Where did the Book of Mormon take place? There are probably more theories out there than you know. I’m going to share a Zoom presentation I gave May 10, 2021 to a Community of Christ group. In part 1, we’ll talk about internal maps, the Middle East, and an African Theory of the Book of Mormon.
GT: I thought we could kind of start out a little bit with Middle Eastern geography. Most of this comes from a film put out by, mainly by BYU, called Journey of Faith. I’ve got the DVD there. They seem to think that the Frankincense Trail seems to be the likely route that Lehi and his family proposed. I’ve got a link there, if you want to watch that. It’s pretty good. It’s definitely a well-done video. There’s a link there. What proponents would call a bull’s eye, is where in First Nephi 16:34, “And it came to pass that Ishmael died and was buried in a place which was called Nahom.” So, basically, that’s one of the best spots that we have for Book of Mormon geography, and it talks about it. There are several quotes in there that this Nahom is on the Frankincense Trail. I might go out of order here, I wanted to show a little bit on the map here. On that left map, you can see, basically, they left Jerusalem headed mostly south, down to the wadi, well, actually, where it crosses–that word Timna there, they kind of crossed that river there, and they’re on the western side of the Red Sea. That’s where they probably joined up with the Frankincense Trail.
GT: If you look at the middle map there, you can see that the Frankincense Trail goes into the Sinai Peninsula, but that’s really where Lehi and his family probably joined that, into Arabia and then took a left turn there on that third map, at the bottom there and headed [west.] There are a few different sites there for different potential harbors for Nephi’s harbor. Of course, in the interest of giving all perspectives–of course not everybody believes Nahom is a bull’s eye. John Hamer left a comment and said, “It should come as no surprise or no shock to us that Nahum, which is spelled with a U instead of an O, a Hebrew prophet in the Bible has a Semitic name. It should, therefore, come as no shock that there are places in Semitic speaking countries that share that name, or at least the consonants N, H, M.” Of course, Hebrew, a lot of times, leaves out a lot of the vowels.
GT: John says, “When I first wrote about Nahum on a board, I did a quick test. I said to myself, ‘they speak Arabic in Iraq. Let’s see if there’s a Nahum in Iraq, and a quick Google search picked up a place called Nahum in the Mason province, immediately south of Al Amarah.’ In other words, the Book of Mormon had said that Lehi and his party traveled past Babylon, there was another potential Nahum bull’s eye, waiting in Mesopotamia. Another Google search shows that historically there was a town called Nahem, in Lebanon, halfway between Tyre and Acre. If Joseph Smith had sent Lehi to America via Phoenicia, there would have been another bull’s eye!”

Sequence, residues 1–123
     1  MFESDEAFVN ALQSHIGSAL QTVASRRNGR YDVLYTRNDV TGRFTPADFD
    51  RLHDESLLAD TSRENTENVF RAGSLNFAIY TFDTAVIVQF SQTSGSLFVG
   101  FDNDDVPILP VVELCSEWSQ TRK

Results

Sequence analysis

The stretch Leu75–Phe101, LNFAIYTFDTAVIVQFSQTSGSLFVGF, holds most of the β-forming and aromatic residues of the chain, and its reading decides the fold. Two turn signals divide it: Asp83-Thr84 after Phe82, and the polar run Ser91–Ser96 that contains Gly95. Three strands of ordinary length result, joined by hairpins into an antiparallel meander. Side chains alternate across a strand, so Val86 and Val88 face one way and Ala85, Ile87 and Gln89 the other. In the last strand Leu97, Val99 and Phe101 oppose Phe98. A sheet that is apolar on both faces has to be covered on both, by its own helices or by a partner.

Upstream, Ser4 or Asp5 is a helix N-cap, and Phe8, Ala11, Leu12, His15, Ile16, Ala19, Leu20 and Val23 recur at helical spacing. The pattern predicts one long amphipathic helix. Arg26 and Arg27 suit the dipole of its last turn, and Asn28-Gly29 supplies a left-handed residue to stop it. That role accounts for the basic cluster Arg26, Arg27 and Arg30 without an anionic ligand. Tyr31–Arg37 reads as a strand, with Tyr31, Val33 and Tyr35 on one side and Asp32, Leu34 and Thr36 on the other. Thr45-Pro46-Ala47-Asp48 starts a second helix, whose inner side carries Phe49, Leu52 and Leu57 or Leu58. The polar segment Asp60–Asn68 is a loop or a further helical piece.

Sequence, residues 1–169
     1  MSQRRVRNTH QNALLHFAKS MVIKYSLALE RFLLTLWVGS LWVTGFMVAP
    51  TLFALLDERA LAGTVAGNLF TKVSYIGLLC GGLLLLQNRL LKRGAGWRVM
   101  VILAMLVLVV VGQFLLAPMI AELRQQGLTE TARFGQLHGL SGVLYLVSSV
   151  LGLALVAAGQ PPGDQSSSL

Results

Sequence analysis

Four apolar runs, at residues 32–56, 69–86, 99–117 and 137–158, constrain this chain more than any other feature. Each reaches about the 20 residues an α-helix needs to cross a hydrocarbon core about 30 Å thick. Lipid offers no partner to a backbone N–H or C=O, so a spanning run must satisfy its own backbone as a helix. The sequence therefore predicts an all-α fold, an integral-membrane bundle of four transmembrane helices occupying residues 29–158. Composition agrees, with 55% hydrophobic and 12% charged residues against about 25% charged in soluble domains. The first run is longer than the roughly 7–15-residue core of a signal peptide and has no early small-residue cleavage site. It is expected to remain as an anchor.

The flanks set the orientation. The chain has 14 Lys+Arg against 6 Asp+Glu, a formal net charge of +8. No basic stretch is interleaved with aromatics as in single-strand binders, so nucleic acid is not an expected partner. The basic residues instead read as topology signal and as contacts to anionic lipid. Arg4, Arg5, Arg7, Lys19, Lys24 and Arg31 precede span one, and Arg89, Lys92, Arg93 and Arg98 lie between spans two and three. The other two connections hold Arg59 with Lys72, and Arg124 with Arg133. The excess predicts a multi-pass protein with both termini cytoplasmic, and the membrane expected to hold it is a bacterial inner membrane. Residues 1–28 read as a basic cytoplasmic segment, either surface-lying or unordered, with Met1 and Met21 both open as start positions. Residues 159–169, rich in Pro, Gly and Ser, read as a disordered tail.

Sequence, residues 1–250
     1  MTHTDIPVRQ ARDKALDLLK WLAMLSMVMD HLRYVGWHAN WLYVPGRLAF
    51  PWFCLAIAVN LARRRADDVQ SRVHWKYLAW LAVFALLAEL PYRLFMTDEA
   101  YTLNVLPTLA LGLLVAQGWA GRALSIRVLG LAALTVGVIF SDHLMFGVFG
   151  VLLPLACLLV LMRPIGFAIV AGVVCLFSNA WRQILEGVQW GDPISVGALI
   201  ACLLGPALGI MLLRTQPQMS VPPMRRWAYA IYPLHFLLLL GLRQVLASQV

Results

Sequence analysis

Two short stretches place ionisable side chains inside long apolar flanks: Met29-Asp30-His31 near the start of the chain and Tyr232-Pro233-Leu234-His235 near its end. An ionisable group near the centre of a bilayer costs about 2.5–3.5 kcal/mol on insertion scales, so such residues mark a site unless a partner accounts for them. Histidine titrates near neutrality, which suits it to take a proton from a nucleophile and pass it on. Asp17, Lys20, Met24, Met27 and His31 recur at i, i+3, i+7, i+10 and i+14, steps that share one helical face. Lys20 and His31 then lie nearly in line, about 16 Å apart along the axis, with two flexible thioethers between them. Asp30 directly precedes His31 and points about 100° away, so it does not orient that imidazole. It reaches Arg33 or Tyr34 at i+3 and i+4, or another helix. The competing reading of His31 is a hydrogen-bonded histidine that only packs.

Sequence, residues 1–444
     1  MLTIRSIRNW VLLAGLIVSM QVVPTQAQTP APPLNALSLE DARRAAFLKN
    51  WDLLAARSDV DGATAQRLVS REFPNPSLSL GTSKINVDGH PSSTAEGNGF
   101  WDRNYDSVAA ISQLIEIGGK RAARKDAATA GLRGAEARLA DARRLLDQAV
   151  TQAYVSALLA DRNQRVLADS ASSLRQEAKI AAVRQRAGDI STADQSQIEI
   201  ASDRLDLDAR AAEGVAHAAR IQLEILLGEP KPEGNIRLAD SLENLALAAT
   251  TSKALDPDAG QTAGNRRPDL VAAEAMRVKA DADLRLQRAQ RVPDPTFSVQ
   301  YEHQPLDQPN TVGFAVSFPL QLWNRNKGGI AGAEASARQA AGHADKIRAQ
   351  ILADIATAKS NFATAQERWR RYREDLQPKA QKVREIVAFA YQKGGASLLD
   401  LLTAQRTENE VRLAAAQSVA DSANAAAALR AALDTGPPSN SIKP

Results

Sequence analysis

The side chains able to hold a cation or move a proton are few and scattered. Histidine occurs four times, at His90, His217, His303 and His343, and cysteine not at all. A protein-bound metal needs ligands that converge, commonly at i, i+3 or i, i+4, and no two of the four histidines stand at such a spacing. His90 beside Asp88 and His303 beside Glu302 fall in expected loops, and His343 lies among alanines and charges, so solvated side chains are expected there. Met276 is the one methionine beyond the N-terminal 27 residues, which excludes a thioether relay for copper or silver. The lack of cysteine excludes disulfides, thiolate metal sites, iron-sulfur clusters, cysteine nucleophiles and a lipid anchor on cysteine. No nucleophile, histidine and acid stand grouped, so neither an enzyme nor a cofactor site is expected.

GT: So, he basically goes on to say “[NHM] is not really a bull’s eye. He questions whether it’s even noteworthy, given that the entire volume of a large Semitic country in which to find a Semitic route. There’s a Nihm in Arabia, which is not precisely matched to the Nahom, but, the three letters match. Not everybody is convinced. In Journey of Faith, this is, of course, where Ishmael died and was buried in the place of Nahom on the Frankincense Trail. So, that’s the most likely route and probably the best archaeological evidence for the Book of Mormon. There are a couple of possible ports in Yemen.
GT: I would first start off with a very different theory, the African theory by Embaye Melekin. This is kind of an interesting theory. Obviously, it’s not in the Americas. I will say this, we did see, if Nephi, left Yemen, it would be a lot easier to go to Eritrea or Ethiopia than any of the other places. It kind of has that advantage of being a relatively short trip. You can see Eritrea is on the border of the Red Sea. So, you’re kind of still staying within the Middle Eastern model. So, Melekin has written a couple of books, The African Bible. This one on top, I think, is the first edition. The one on the bottom is the second edition. I looked on Amazon, the top one was like $800. I don’t think anybody’s going to be buying that one. I think it’s basically the same book. They’ve just got two different covers. But, he basically thinks that the Book of Mormon took place in Africa. He says the Sabeans are the Nephites, and the Agazians are the Lamanites. He kind of also believes that the Bible took place in Africa. He definitely seems to have an African bias there. You can actually preview the book. I’ve got a Google link here you can read.
GT: He’s got another book called 80 Reasons Why the Book of Mormon is an African Bible. From what I understand, he’s just kind of read the Book of Mormon on his own. He’s not a member of any Restorationist church, but he believes it is the word of God.
Have you heard of the African Theory? What are your thoughts of Nahom and Nephi’s harbor? Check out our conversation….
Don’t miss my previous conversation with Steve Pynakker!
553: Background on Rick